Review of "Prenatal Flow"

By Jessica James
We Heart Yoga, 2013
Review by Beth Cholette, Ph.D. on Feb 18th 2014
Prenatal Flow

This DVD is offered by "celebrity trainer" Jessica James, whose web site does in fact feature endorsements from the likes of Jessica Alba and Kate Beckinsale.  In We Heart Yoga: Prenatal Flow, James is eight months pregnant.  She explains in her Intro that as a yoga instructor pregnant with her second child, she wanted to design a program appropriate for those who practice yoga prior to their pregnancy.  She reviews modifications, describing how she created three levels of flows to allow for choice depending on energy levels.  Finally, she recommends having props on hand to use with this DVD, including a yoga block, strap, and blanket.

In addition to the Intro, the Main Menu offers options for a 20, 40, or 60-minute routine.  There is also an "Extras" selection which brings up music only options for each practice, a 10-minute meditation (which James says is meant to help prepare for labor and delivery), and a 7-minute interview with James.  I have described each of the three main routines below.  They feature James teaching alone via voiceover, with classical-type music in the background.  Names of some of the specific flows as well as countdowns sometimes appear on-screen.


James starts this shortest practice in child's pose, then moves into cat/cow.  She uses her "Flow 2" as a warm-up for this routine; this is followed by "Warrior Sprint," a fast-paced warrior flow series which includes vinyasas between every pose and which gradually picks up even more speed.  Additional sequences include Frogs, seated Hips (e.g., forward bends), and a brief (about 1 minute) side-lying relaxation.


This routine begins kneeling with cat/cow; James again uses the Flow 2 series as a warm-up.  Next is the "Dancing Warrior" sequence followed by "Kali Squat," performed on either side.  Additional standing flows include Tree balance and then the Frog series from the first practice.  Coming to kneeling, James performs Hamstring work and "Cat Pounce."  The Hips work on the floor includes pigeon and butterfly, and then the practice again concludes with about a 1-minute side-lying relaxation.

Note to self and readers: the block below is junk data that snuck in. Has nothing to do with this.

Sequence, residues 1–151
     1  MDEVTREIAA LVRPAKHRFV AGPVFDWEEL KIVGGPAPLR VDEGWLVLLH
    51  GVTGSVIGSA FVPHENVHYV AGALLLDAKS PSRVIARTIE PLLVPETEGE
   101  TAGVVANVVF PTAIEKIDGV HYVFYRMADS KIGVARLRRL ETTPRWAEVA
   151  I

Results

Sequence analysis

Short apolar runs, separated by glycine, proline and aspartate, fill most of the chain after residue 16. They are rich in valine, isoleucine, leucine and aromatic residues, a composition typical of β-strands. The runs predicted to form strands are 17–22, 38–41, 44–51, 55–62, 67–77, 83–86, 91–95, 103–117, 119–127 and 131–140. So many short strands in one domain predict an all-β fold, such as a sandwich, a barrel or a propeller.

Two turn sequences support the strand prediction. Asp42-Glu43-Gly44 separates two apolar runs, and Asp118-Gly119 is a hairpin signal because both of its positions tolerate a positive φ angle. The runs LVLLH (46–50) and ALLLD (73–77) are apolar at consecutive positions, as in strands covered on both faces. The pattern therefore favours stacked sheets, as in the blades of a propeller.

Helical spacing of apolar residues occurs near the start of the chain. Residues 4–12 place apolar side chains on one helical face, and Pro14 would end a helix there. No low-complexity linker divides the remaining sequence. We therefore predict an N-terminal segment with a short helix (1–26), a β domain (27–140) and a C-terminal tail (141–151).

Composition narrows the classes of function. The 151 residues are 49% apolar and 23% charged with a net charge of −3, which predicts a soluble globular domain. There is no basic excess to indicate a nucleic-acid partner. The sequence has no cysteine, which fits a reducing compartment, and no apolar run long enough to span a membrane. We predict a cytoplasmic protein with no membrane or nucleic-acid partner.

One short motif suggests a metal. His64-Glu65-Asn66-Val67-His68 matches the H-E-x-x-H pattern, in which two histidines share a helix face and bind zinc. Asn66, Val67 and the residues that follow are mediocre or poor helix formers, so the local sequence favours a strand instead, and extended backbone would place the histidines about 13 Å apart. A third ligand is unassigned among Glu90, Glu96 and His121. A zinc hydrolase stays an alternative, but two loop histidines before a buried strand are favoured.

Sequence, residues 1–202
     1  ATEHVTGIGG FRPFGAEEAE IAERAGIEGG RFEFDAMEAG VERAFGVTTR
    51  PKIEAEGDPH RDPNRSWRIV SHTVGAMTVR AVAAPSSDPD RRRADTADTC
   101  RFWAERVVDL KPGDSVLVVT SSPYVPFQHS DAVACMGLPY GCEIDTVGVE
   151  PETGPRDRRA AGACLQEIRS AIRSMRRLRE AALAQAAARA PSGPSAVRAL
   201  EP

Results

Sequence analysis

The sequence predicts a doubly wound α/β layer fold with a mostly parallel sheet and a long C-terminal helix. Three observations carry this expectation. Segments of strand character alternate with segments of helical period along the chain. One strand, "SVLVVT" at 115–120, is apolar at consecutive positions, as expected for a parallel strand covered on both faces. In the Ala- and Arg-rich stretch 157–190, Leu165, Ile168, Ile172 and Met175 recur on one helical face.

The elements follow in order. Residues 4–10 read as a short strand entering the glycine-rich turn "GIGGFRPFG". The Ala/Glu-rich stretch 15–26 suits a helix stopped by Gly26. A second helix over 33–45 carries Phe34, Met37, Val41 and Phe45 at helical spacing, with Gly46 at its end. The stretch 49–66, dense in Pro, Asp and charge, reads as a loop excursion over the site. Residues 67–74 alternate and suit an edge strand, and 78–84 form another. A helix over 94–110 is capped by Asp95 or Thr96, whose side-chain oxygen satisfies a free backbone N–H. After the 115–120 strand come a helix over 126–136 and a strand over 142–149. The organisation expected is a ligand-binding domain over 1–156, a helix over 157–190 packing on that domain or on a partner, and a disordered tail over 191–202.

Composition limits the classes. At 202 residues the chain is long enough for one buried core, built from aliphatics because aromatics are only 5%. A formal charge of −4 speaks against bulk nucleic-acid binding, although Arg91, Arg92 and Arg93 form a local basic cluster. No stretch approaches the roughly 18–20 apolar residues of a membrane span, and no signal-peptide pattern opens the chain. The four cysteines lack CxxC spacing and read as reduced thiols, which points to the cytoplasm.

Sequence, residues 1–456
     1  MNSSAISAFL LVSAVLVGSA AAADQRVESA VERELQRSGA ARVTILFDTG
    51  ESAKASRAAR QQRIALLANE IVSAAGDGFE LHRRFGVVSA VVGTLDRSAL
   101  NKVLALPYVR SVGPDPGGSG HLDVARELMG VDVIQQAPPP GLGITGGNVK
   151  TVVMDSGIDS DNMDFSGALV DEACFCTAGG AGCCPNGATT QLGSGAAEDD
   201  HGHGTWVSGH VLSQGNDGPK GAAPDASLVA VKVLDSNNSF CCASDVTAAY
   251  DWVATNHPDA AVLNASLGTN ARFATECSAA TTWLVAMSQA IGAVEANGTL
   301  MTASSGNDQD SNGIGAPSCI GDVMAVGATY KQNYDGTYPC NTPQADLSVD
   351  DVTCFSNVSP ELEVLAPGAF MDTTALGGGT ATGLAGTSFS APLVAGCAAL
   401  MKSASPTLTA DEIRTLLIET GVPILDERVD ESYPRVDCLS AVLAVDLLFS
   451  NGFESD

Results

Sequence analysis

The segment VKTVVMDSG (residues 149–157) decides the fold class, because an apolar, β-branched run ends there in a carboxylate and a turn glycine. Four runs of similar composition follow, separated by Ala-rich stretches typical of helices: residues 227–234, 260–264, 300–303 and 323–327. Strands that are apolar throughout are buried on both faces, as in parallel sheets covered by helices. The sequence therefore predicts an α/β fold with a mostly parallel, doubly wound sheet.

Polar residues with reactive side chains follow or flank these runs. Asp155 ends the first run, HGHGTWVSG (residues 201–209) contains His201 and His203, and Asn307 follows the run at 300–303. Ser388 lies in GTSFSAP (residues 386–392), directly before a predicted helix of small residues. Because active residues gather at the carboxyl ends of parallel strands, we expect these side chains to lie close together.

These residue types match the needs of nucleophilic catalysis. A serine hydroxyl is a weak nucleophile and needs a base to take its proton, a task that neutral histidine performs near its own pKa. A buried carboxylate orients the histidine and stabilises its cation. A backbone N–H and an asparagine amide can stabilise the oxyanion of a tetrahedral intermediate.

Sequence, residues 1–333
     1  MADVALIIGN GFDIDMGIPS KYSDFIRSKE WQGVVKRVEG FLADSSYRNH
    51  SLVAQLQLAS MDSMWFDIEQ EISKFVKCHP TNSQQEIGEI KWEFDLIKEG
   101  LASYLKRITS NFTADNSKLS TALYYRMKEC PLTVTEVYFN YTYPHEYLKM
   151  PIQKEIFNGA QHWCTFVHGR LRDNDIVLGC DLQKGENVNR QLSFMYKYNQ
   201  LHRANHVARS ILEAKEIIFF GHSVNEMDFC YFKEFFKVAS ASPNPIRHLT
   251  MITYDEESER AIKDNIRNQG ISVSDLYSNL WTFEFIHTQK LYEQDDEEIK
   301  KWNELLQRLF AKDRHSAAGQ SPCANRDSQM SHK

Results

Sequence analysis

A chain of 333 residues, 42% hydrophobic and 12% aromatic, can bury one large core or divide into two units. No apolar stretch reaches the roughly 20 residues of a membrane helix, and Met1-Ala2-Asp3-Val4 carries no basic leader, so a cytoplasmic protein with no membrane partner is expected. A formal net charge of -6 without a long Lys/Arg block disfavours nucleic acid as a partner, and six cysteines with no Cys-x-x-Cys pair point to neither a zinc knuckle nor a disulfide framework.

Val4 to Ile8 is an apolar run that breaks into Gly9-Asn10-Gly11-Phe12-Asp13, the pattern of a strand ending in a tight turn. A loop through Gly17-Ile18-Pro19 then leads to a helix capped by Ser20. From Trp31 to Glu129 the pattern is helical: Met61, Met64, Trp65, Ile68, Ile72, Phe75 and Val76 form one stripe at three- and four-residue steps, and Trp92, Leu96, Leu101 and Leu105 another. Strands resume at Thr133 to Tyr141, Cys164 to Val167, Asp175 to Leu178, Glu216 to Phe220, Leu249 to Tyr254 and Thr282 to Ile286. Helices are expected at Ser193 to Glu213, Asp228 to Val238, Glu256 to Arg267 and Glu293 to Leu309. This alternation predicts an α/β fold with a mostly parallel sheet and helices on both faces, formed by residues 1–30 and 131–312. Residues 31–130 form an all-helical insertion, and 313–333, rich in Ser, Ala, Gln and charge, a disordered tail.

In this longest practice, James begins with a brief seated meditation.  She then moves into the flows, gradually working her way up to Flow 3 (although she suggests staying with Flow 1 or 2 if appropriate).  The opening series is followed by the Warrior Sprint from the first practice, adding in the Frogs and Hamstrings, and then the Dancing Warrior from the second routine.  Next is a new sequence, a seated "Arms Up" meditation; James then moves into the floor Hips work (pigeon and butterfly).  There is a nice sequence of bridge with a block under the sacrum for support, and then this practice ends with a long (5 minute) side-lying relaxation.

James's web site states "Many prenatal yoga DVD's are soothing and gentle, but they really don't meet the needs of the pregnant woman who is serious about working with her body."  For sure, this DVD does not offer gentle routines, and as James notes in her Intro, it is intended for those who already practice yoga.  Although James goes on to suggest that beginners could use this DVD as well, I find that hard to imagine, especially mothers-to-be who are new to yoga—I am an experienced yoga practitioner who has never been pregnant, and I had a hard time keeping up with James in these routines!  She sets a rapid pace, often moving on to the next posture before I was finished taking a full breath.  Therefore, I would recommend this DVD only for extremely fit pregnant women looking to maintain their activity level.


© 2014 Beth Cholette


 Beth Cholette, Ph.D., is a clinical psychologist who provides psychotherapy to college students.



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